As many of you may have read, Comical-Musings is now being taken over by the authorship group of The Writer’s Blok. These 5 like-minded individuals will be partnering with me, Scott Deaux as the editor-in-chief to bring you larger quantities of content, greater quality content, and different viewpoints that allow the blog to become something greater than just my singular thoughts and knowledge about things. One of these new Writer’s Blok contributors is Lobster J. I’ve been friends with the good Lobster for many years and have extreme confidence in his ability to have humorous opinions. He is kind of a wildcard taste-wise, but tends to fall on the Superhero/Hellboy side of things. You will enjoy what he has to say…unless you liked the Spiderman movies.“
“The only thing you are going to see, doctor, is the burning hand of overdue justice.” As I sat back in my chair, the considerable weight of the epic nature of that line made me keenly aware that I was thoroughly enjoying “Lobster Johnson: The Iron Prometheus.”
Every reader that turns the pages of “Lobster Johnson: The Iron Prometheus”, or any comic for that matter, brings with them a unique set of expectations, what it is that they want and desire from the comic in their hand. This fact is of crucial importance as it may singularly determine the outcome, enriching satisfaction or disappointing discontent. Don’t go to “Nacho Libre” with the expectation that it is going to be “The Shawshank Redemption.” One of the many efforts of this blog is to align your expectations with various comics by presenting them to you; then, you decide if they are worth your time or a waste of it. And, if you like comics that begin with fights with huge monkeys, “Lobster Johnson: The Iron Prometheus” will certainly be worth your time.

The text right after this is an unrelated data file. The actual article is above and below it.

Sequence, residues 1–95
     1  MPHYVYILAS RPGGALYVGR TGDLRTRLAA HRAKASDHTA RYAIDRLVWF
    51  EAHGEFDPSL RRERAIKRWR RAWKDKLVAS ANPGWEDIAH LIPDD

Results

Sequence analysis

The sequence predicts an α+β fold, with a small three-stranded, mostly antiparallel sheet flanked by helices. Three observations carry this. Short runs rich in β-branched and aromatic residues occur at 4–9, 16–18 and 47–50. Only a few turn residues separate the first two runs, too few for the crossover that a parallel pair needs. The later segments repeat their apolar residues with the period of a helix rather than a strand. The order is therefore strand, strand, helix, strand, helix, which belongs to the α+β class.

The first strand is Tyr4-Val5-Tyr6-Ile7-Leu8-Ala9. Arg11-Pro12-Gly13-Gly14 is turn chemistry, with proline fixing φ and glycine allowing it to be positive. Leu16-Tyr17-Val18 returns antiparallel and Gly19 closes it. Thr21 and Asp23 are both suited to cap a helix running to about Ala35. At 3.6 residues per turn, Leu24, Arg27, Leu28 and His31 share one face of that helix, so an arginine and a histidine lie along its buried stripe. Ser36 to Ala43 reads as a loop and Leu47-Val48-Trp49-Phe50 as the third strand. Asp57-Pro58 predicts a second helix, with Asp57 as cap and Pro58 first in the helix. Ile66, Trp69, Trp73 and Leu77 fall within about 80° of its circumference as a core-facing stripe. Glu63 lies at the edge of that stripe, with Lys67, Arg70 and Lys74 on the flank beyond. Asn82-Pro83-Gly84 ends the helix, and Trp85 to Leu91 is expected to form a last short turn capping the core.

I was lead to Lobster Johnson by way of B.P.R.D., and in similar fashion, Lobster Johnson delivers occult themes, Nazis, myths and legends. If you enjoyed those elements of B.P.R.D., this is very much in the same vein. However, there are a few elements that set it apart. The time is set before World War II, so this is before most all the other B.R.P.D. stories, and more importantly, Lobster Johnson is a hero without any super powers. Man do I love heroes without super powers… There might be some rumors that I have a man crush on the Green Arrow… Anyway, much like the Green Arrow, the Punisher, Batman, Nick Fury, et al., Lobster Johnson possesses nothing more than firearms, training, sweet goggles and an unyielding dedication to justice.
From the first page, reference huge monkey above, I was drawn to the story. There is little background presented initially which creates a strong element of intrigue. Throughout most of the comic, I found myself racing to the next page, the whips of wonder moving me ever quicker! There is a desirable balance in action and plot, which is often not the case. One of the several elements that I relished and wanted to highlight is Lobster Johnson’s gang. They typify the 1930’s working men and their rag-tag, low tech, and oddly endearing support of Lobster Johnson is delightful.
Old world prophecy and myth collide with Lobster Johnson and the late 1930s in “Lobster Johnson: The Iron Prometheus.” With guns blazing and claw of justice searing, Lobster Johnson encounters ancient warriors, Nazis, and forces beyond this world. If any of the above resonates with you, read “Lobster Johnson: The Iron Prometheus.” This tale, from first panel to the last, will leave you slightly puzzled as to what exactly just happened, but entirely content.